enterprise

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Enterprise,

city (1990 pop. 20,123), Coffee co., SE Ala.; inc. 1896. It is a peanut-shipping center with many peanut-processing establishments. There are also lumber and textile mills and plants that make concrete. The region's diversified farming began after the boll weevil destroyed (1910–15) the cotton; in gratitude for the resulting prosperity, the city erected (1919) a monument to the boll weevil.

Enterprise

starship on 5-year mission to explore space. [Am. TV: Star Trek in Terrace]

enterprise

1. 
a. initiative in business
b. (as modifier): the enterprise culture
2. a business unit; a company or firm

enterprise

(body)
A business, generally a large one.

enterprise

(1) Any undertaking or project, with the implication that it is of reasonable size and complexity.

(2) The entire organization, including all of its subsidiaries. It implies a large corporation or government agency, but it may also refer to a company of any size with many systems and users to manage. It depends on context. A corner candy store is "someone's enterprise." The terms "enterprise," "company," "corporation" and "organization" are used synonymously.

Enterprise Class
When one hears about an "enterprise class device," it means high-end equipment typically for the large organization. See enterprise computing, enterprise architecture and enterprise networking.
References in classic literature ?
We go eastward to realize history and study the works of art and literature, retracing the steps of the race; we go westward as into the future, with a spirit of enterprise and adventure.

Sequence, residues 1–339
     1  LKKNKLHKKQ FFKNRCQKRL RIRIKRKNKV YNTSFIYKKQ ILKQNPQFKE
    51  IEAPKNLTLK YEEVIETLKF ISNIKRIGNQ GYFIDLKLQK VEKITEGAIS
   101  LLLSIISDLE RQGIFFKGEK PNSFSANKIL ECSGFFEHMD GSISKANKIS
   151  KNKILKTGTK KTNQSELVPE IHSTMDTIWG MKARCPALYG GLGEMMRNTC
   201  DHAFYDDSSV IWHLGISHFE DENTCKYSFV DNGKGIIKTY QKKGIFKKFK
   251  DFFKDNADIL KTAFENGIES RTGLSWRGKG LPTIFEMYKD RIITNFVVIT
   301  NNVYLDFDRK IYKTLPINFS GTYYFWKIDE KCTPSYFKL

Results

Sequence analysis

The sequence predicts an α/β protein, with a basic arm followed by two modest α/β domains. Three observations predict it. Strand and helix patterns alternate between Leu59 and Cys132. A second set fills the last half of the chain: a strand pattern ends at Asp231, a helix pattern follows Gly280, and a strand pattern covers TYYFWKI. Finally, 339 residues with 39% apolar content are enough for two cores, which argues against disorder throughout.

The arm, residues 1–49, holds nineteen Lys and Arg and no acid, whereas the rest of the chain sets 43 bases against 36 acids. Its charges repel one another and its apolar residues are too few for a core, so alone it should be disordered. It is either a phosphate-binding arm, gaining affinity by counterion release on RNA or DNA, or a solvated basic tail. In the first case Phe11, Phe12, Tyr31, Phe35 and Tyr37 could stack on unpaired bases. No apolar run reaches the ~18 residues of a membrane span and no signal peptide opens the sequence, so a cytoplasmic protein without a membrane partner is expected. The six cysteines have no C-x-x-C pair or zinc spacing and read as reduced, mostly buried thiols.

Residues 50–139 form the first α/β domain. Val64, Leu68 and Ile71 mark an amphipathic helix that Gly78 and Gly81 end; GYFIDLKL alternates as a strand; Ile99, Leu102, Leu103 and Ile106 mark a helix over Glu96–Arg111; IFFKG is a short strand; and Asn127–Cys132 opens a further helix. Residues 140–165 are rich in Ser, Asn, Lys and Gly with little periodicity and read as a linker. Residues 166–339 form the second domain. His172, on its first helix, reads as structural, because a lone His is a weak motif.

By 1906 even the Rocky Mountain Bell Company had grown to be a ten-million-dollar enterprise.
The noble Marquis is not aware, perhaps, that the prosperity of his family originated in the successful enterprise of a New England ship- carpenter.
Astor abandoned all thoughts of regaining Astoria, and made no further attempt to extend his enterprises beyond the Rocky Mountains; and the Northwest Company considered themselves the lords of the country.
From those early impressions, the grand enterprise of the great fur companies, and the hazardous errantry of their associates in the wild parts of our vast continent, have always been themes of charmed interest to me; and I have felt anxious to get at the details of their adventurous expeditions among the savage tribes that peopled the depths of the wilderness.
Work on Daylight's dock system went on apace, yet was one of those enterprises that consumed money dreadfully and that could not be accomplished as quickly as a ferry system.
Consider, now, how it must be in the case of four boats all engaging one unusually strong, active, and knowing whale; when owing to these qualities in him, as well as to the thousand concurring accidents of such an audacious enterprise, eight or ten loose second irons may be simultaneously dangling about him.
It was at this juncture that Clara Belle and Susan Simpson consulted Rebecca, who threw herself solidly and wholeheartedly into the enterprise, promising her help and that of Emma Jane Perkins.
But scarcely did he find himself upon the open plain, when a terrible thought struck him, one all but enough to make him abandon the enterprise at the very outset.
It is necessary, therefore, if we desire to discuss this matter thoroughly, to inquire whether these innovators can rely on themselves or have to depend on others: that is to say, whether, to consummate their enterprise, have they to use prayers or can they use force?
He pretended rather absurdly to be a seaman himself and was already credited with an ill-defined and vaguely illegal enterprise in the Gulf of Mexico.
The sum was made commensurate with the importance of the enterprise.